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The western coast of Scotland and the desolate Hebrides islands are the ancient home of the McBay family. Their name is derived from the names of Macbeth and Bethune, or Beaton. The Macbeth and Bethune families, who were hereditary physicians to the Chiefs of Macdonald, practiced medicine on the Isles during the Middle Ages and their names merged in English into the one surname of Beaton. The Macbeths were concentrated in Islay and Mull, whereas the Beatons were concentrated in Skye.

McBay Early Origins



The surname McBay was first found in the Isle of Islay, where legend has it that the progenitor of this Clan is none other than Macbeth (Mac Bethad mac FindlŠich) (1005-1057), the High Steward of Moray. As his mother was a daughter of King Kenneth III, and he married Grudoch, a daughter of the son of King Kenneth III, he had as much of a claim to the Scottish throne as King Duncan I. MacBeth, therefore, challenged Duncan and defeated him in battle in 1040, assuming the throne.

Known in English simply as Macbeth, he was last Celtic king of Scotland, ruling from 1040 to 1057, when he died in battle against future king Malcolm of the Canmore dynasty.

He is best known through the Shakespearean drama bearing his name. Thespians rarely mention the play by the name and typically call it "the Scottish play" as they believe that by uttering the name brings one bad luck.


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McBay Spelling Variations


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McBay Spelling Variations



Medieval spelling was at best an intuitive process, and translation between Gaelic and English was no more effective. These factors caused an enormous number of spelling variations in Dalriadan names. In fact, it was not uncommon to see a father and son who spelled their name differently. Over the years, McBay has been spelled McBeth, Beaton, Beeton, MacBeth, MacBeaton, McBee and many more.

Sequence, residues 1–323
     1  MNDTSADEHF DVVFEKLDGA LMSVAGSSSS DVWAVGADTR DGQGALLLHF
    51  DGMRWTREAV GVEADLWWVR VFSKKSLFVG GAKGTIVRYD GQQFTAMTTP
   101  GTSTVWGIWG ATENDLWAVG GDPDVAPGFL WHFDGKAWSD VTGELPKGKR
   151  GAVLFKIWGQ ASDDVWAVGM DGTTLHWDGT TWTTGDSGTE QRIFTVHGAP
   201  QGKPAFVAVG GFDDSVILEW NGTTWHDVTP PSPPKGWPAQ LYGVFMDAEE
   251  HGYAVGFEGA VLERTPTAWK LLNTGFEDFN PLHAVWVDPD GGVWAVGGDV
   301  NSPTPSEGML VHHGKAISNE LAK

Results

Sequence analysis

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McBay Early History


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McBay Early History



This web page shows only a small excerpt of our McBay research. Another 319 words (23 lines of text) covering the years 1545, 1600, 1609, and 1763 are included under the topic Early McBay History in all our PDF Extended History products and printed products wherever possible.

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McBay Early Notables (pre 1700)


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McBay Early Notables (pre 1700)



More information is included under the topic Early McBay Notables in all our PDF Extended History products and printed products wherever possible.

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The Great Migration


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The Great Migration



Some of the first settlers of this family name were:

McBay Settlers in Canada in the 19th Century

  • William McBay, aged 20, arrived in Saint John, New Brunswick aboard the ship "Prudence" in 1838

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Contemporary Notables of the name McBay (post 1700)


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Contemporary Notables of the name McBay (post 1700)